Sermon June 25: Rewriting History

Posted by on Jun 25, 2017 in Sunday Message | 0 comments

Faith United Methodist Church

June 25, 2017

Third Sunday after Pentecost

Rev. Kristabeth Atwood

Scripture:  Genesis 21:8-21, Psalm 86:1-10, 16-17

Prayer for Illumination (Unison):

Holy One, may we remember the stories of our ancestors.  May these stories become alive in us today, as we respond to your invitation to new life.  And may we be empowered to take up our cross and follow you.  Amen.  

Sermon:  Rewriting History

Family.  We’re in the second week of our “Family Stories” worship series and we know that family isn’t always… easy.  Recently I saw one of those decorative signs, the kind you might hang in your living room or entryway, which said, “Welcome Friends, Family by Appointment.”

Today’s Old Testament lesson offers us a glimpse into a family torn apart by jealousy and insecurity.  The story of Hagar and Ishmael isn’t one that we explore very often.  Even when it appears in our lectionary readings we tend to avoid it.  I looked back in my files and found that in 17 years I’ve only preached on this scripture one other time (and that was back before I knew better).  The reason we avoid this scripture is that it puts Abraham and Sarah, the mother and father of our faith tradition, in a poor light.  It is not a happy story.  Caught between Sarah, mother of Isaac, and Hagar, mother of Ishmael, Abraham makes a choice between his two sons.  One he holds close and the other he casts out into the wilderness with his mother.  Yet, as in all Biblical stories, there is something here we can learn.  It’s a story that conveys truth about humanity and family and gives us a glimpse at the mercy and justice of God.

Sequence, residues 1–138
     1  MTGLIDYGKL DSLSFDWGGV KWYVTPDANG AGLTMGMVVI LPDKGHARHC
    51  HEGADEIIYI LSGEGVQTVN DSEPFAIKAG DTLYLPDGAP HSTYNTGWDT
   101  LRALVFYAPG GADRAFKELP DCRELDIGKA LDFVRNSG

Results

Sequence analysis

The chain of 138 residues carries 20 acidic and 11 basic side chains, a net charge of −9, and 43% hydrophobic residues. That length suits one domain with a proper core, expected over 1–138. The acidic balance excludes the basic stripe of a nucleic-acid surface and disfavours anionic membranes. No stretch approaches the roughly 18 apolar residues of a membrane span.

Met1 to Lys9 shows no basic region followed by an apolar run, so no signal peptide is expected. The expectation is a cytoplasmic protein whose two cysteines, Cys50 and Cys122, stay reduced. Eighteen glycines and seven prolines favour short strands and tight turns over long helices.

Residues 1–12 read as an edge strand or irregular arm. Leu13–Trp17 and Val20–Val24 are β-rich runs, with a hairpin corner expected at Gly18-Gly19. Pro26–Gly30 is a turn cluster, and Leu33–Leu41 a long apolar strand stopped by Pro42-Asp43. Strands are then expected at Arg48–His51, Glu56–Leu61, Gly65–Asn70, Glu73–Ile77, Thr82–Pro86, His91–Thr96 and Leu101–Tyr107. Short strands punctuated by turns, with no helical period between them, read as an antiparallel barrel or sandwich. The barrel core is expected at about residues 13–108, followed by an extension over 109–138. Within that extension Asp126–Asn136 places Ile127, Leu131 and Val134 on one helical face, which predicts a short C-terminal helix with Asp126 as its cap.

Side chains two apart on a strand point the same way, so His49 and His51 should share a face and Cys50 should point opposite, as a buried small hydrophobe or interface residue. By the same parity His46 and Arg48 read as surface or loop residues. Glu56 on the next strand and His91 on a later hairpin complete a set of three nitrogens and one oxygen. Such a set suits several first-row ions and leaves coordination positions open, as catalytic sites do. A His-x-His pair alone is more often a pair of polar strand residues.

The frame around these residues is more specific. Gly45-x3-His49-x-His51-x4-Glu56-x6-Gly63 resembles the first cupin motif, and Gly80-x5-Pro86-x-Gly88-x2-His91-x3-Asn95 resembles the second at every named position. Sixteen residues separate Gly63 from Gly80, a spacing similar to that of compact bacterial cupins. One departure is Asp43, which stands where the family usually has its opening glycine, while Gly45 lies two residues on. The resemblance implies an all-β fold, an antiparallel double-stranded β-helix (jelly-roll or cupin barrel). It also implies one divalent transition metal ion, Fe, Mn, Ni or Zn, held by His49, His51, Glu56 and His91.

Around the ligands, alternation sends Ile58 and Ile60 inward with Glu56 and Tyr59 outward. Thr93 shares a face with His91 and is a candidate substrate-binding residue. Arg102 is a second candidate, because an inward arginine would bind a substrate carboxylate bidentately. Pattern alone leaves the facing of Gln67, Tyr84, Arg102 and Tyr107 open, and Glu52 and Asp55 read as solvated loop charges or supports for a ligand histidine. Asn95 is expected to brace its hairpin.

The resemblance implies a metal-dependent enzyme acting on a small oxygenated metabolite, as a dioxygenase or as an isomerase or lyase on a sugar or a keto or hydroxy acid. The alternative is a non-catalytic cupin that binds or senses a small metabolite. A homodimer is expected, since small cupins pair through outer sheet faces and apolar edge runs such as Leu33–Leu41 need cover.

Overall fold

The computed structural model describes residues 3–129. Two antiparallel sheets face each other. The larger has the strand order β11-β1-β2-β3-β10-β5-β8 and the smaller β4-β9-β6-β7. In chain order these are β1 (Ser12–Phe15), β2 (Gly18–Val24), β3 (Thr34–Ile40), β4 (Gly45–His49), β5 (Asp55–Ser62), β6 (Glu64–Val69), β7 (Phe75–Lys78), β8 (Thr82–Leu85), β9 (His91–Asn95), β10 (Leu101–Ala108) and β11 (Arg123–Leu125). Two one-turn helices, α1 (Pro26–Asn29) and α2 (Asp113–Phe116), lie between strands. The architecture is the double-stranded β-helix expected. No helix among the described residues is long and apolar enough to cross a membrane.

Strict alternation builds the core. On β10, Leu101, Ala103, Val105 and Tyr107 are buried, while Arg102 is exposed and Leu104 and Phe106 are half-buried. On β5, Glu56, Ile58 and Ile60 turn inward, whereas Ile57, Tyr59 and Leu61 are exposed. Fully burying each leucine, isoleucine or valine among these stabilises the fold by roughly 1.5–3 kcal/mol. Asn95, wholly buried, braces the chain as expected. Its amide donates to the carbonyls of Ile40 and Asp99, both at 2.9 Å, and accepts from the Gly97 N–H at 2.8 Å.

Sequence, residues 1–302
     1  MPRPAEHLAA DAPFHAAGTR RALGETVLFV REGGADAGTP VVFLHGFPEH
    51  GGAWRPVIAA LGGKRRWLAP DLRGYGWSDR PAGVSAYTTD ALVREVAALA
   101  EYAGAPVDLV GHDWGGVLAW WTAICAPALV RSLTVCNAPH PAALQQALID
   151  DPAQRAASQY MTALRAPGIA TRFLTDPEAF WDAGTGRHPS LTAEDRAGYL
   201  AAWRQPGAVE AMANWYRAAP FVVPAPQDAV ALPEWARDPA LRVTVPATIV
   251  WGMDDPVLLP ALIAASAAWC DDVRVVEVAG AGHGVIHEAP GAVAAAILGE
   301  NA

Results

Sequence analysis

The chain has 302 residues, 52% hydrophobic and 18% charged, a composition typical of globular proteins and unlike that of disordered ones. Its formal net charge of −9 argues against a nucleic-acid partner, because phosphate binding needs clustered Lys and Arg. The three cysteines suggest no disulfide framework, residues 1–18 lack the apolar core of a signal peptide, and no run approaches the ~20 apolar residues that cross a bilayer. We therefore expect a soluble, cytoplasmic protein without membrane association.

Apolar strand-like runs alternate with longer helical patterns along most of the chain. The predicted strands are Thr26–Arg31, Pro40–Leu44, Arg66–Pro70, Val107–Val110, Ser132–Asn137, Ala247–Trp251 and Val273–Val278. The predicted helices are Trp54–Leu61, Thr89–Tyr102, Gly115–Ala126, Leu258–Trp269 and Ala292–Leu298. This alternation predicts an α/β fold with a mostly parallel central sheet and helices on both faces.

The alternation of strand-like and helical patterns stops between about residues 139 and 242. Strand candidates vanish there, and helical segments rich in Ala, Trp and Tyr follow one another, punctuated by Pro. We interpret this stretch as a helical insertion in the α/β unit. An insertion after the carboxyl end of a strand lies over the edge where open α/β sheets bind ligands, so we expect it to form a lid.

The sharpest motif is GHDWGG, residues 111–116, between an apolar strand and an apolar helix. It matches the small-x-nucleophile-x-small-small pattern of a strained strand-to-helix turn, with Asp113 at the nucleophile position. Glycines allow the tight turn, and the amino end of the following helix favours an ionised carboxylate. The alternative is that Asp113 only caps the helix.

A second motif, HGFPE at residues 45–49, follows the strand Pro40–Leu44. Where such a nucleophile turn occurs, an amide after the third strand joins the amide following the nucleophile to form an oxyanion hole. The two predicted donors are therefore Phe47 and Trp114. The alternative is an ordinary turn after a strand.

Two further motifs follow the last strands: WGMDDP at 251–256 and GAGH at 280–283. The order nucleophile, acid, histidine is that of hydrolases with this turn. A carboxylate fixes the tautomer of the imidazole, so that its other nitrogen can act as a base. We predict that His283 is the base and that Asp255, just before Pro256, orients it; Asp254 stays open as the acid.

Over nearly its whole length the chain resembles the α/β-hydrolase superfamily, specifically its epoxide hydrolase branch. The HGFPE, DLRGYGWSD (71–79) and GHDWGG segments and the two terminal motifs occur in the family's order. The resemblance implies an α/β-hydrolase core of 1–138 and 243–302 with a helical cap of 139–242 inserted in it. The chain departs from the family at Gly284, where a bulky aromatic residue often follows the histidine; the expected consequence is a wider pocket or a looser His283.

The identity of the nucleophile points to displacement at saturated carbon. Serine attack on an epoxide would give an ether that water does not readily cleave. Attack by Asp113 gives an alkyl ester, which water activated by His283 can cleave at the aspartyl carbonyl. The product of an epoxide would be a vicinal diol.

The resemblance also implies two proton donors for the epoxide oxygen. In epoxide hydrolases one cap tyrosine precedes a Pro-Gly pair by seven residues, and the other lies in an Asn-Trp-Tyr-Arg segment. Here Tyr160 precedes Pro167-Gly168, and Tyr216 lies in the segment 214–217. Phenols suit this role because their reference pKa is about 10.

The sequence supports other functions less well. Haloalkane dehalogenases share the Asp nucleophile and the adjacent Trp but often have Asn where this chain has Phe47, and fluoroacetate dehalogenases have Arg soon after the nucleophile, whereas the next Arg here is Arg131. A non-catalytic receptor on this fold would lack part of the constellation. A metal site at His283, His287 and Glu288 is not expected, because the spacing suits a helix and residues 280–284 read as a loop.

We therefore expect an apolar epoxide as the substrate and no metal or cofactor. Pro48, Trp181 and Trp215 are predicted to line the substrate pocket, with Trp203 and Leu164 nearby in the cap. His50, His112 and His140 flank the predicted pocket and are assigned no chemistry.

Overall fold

The saga we explore today tosses us right into the middle of a complicated story, which actually started some 20 years before.  Last week we caught up with Abraham and Sarah in Cana just as they were celebrating the birth of their long hoped for baby boy, Isaac.  What we didn’t recall last week was that Abraham already had a son, Ishmael, with Sarah’s slave, Hagar.  Sarah, despondent about being unable to have children, had given Hagar to Abraham so she could have a child for Sarah.  As a slave, Hagar was considered Sarah’s property and Sarah would have authority over the child Hagar bore.  Sarah was hedging her bets.  If God didn’t follow through with the promise of children, at least they would have Hagar’s child.